Dietician notices ‘people don’t eat enough,’ leads cooking workshop at college

Health Services celebrated Nutrition Month with a cooking workshop and invited registered dietitian Tatiana Hunt to be the host. The March 21 workshop on the third floor of the E-building was attended by students who were either looking for a good snack or who were interested in learning more about leading a healthy lifestyle. With […]
Photo: Stephen Priel
Elizabeth Peña Fernandez was the main organizer of the workshop. She encourages students to eat more regularly.

Health Services celebrated Nutrition Month with a cooking workshop and invited registered dietitian Tatiana Hunt to be the host.

The March 21 workshop on the third floor of the E-building was attended by students who were either looking for a good snack or who were interested in learning more about leading a healthy lifestyle.

With Hunt’s guidance, students made their own spring rolls with a multitude of ingredients to choose from.

Hunt highlighted the importance of teaching students to put a high priority on living a long and healthy life.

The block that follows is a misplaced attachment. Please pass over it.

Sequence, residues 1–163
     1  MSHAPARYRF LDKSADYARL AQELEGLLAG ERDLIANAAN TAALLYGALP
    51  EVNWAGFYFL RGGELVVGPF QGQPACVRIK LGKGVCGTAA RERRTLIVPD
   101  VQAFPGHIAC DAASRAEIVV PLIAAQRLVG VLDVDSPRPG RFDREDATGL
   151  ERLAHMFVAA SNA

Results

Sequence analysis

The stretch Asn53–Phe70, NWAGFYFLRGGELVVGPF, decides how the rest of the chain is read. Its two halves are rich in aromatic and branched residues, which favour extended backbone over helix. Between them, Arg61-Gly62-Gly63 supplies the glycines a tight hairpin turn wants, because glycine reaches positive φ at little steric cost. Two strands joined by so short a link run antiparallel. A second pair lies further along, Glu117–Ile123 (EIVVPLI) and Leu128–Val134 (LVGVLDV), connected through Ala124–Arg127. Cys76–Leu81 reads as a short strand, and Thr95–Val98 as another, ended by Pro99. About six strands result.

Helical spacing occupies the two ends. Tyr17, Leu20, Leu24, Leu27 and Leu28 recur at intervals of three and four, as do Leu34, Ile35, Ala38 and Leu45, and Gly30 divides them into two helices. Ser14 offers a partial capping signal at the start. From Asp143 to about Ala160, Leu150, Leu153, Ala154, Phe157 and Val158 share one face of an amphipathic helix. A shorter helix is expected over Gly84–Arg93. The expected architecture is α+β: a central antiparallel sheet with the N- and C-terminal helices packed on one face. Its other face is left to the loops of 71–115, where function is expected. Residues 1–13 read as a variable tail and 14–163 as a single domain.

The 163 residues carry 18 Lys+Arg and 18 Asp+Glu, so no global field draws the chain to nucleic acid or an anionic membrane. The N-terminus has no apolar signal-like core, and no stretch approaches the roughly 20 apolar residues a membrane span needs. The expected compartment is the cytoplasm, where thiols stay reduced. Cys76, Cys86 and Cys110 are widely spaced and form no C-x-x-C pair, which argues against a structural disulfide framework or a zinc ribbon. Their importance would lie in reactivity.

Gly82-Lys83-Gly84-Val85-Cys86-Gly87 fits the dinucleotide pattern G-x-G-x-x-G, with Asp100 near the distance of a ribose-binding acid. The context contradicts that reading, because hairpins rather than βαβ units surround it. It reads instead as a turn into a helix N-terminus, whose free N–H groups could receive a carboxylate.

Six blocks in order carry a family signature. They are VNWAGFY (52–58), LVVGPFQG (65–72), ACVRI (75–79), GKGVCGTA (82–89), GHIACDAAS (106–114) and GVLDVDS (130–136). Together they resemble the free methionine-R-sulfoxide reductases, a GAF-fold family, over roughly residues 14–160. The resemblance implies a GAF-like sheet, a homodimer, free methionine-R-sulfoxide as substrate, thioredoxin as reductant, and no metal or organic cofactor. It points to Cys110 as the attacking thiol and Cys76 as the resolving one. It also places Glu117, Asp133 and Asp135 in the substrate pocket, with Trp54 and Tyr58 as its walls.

“So that you can live a life well, you want to make sure that you are getting adequate nutrients to support a healthy lifestyle,” said Hunt.

Elizabeth Peña Fernandez, a health promotion coordinator and a key organizer of this event, said that the college is also aware of how effective these workshops can be and how students’ lack of time or knowledge on how to eat well might negatively affect their eating habits.

“Sometimes students struggle a little bit to have a proper and balanced meal. There are different factors that interfere in that, whether that be an economic factor, a time factor or a knowledge factor,” said Fernandez.

“Sometimes students probably want to eat a balanced meal, but they don’t know exactly how to do that, that is why here in the college we try to provide resources to cover these factors in different ways and with different workshops.”

Nader Ibrahim, a business fundamentals student at the college, explained what drew him to the workshop and how his academic commitments have affected his eating habits.

“I was passing by and I smelt the food and I’ll be real with you, I haven’t had a decent meal in about two or three weeks. To eat something that is somewhat healthy kind of made my day a whole better and made up for the five days of not eating very well,” said Ibrahim.

The biggest discovery Hunt has made since beginning her career is that there is a definite sign that people are not getting the necessary sustenance they need.

“People don’t eat enough. I think diet culture is telling people to eat less and to live in a smaller body and then it has the opposite effect where your body goes into starvation for whatever you eat it will hold on to and store as fat,” said Hunt.

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